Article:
exploring art and writing

Lies, all Lies! (or the problem with trying to write non-fiction).

In fiction, narrative, non fiction, storytelling, Writing on September 21, 2012 at 1:32 pm

‘Saint Jerome Writing’ by Caravaggio, c. 1605-1606, oil on canvas, 112cm x 157cm, Galleria Borghese.
Maybe I should get a skull for my desk…

I can’t really write a blog about how non-fiction is really, really hard to write. This is because I am sure that fiction is also really, really hard to write and I don’t want to turn this into a competition.

So I’ve decided to make this blog about whether or not non-fiction actually exists.

Bear with me. Yes, non-fiction is an expansive genre that you can physically witness by stumbling into any old Waterstones. It encompasses biography, science, politics, self-help, travel, art, how-to books. There is lots and lots of non-fiction around.

Now let me offer even less clarity on the matter: when I am questioning whether or not non-fiction actually exists, I’m referring to narrative non-fiction. Think Truman Capote’s In Cold Blood or Joan Didion’s The Year of Magical Thinking. These books use techniques associated with fiction writing – scenes, dialogue, action, suspense – to tell emotive and exciting true stories built from memories and various, more tangible sources.

But memories are dubious and biased. Writing narrative non-fiction feels the same as making autobiographical art: you pick the best bits and then make them look even better. Or, if you’re not that kind of person, you siphon the nice bits and make it gritty and dark instead.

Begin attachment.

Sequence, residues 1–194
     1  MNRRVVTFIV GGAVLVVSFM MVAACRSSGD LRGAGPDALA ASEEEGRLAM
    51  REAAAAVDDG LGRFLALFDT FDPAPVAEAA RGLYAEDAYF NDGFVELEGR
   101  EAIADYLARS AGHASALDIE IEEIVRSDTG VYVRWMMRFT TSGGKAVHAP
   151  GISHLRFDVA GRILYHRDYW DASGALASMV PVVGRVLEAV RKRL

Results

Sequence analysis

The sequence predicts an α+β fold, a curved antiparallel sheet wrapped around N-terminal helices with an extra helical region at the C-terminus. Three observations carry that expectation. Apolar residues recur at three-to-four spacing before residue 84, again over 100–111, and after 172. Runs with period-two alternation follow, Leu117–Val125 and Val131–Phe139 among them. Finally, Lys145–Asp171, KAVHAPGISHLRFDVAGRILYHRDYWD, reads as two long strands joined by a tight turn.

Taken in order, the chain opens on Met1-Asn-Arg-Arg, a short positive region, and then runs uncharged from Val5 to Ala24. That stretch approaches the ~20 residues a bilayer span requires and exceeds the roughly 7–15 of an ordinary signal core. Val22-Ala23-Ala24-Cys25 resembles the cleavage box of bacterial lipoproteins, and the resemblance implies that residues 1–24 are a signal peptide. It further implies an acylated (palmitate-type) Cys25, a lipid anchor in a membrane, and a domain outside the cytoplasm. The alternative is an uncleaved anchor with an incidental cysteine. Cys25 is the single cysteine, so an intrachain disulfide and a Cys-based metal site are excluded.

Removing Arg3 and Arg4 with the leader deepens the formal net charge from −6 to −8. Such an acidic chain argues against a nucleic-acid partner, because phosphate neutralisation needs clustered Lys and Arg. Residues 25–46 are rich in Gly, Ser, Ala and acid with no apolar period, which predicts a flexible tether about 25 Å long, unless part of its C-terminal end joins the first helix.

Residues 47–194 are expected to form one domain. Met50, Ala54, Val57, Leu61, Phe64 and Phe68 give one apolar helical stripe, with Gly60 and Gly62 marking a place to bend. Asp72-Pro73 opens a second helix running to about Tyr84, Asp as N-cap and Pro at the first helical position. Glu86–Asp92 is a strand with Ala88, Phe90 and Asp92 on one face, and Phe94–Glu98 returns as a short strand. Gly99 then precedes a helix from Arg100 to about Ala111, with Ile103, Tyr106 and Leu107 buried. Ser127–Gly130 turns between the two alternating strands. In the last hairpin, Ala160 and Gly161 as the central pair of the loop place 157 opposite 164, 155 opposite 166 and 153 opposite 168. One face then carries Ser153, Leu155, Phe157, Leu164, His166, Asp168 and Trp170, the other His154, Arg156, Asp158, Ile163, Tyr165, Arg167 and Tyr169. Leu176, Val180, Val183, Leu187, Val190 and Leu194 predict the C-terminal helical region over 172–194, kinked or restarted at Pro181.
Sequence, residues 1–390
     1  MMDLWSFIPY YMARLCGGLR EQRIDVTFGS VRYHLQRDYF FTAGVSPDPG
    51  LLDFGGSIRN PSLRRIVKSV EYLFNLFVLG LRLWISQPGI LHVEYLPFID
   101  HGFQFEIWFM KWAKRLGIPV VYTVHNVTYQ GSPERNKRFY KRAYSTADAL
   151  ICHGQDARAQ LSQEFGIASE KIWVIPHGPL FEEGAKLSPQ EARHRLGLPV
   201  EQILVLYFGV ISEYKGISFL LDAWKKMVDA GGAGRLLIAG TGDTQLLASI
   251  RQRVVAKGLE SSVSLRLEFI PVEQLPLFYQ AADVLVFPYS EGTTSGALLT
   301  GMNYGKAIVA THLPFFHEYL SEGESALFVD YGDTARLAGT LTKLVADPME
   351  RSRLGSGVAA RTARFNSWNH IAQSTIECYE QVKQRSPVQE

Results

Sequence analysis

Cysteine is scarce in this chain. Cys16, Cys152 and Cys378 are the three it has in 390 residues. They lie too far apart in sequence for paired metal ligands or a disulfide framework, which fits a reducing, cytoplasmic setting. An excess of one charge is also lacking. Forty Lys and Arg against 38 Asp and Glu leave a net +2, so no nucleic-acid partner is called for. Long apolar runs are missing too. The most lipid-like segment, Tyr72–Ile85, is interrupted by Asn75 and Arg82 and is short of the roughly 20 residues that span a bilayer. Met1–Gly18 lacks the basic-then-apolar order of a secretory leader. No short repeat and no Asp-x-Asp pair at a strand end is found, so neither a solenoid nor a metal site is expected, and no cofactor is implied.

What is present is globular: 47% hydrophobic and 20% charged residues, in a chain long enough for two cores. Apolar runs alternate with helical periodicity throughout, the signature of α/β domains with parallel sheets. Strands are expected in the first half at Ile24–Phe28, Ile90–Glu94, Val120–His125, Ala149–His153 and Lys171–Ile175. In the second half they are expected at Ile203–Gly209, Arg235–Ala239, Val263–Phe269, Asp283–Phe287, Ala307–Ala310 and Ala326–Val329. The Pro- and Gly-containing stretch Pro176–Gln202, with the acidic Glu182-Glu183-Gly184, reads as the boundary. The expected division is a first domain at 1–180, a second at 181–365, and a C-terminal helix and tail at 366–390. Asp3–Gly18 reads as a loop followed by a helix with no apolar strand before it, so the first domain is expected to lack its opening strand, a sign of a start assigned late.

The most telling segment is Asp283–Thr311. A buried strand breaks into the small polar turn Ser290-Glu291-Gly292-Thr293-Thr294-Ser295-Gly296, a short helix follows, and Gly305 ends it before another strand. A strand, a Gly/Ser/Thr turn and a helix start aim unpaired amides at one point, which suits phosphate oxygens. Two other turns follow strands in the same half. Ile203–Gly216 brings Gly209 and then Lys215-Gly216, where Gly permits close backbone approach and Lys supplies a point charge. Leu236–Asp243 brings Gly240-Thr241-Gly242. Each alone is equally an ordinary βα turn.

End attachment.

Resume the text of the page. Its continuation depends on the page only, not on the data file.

Even journalism has fallen prey to this occasionally. Just look at Luke Harding’s article about Polish journalist Ryszard Kapuściński and his apparent tendency towards fiction in his war reports. I’m not saying that these claims are true. I’m merely questioning whether or not it is possible to write non-fiction without taking advantage of creative license.

For instance, in the book that I’m cobbling together like a perplexed ‘newb’ I have a conversation with my mother. She’s cleaning, I’m not, it’s all very domestic and pleasant. We have a conversation and it gets emotional, we laugh, we cry, etc.

That conversation definitely took place, but it was a year ago. I can’t remember what we said! I remember the gist of it and knowing that I would probably look upon that moment as significant, in that mother/daughter kind of way.

So I guess this is an apology. If my book ever gets published and any of you happen to read it: I’m sorry for lying to you.

At least I think I’m lying. I’m not quite sure.

  1. Reblogged this on ReadReal: thoughts on Non-Fiction literature and commented:

    This is a post from my first blog The Art Monster. It seems appropriate that I use it as my opener here at ReadReal. It introduces me as a (semi) intrepid newcomer to the world of non-fiction.

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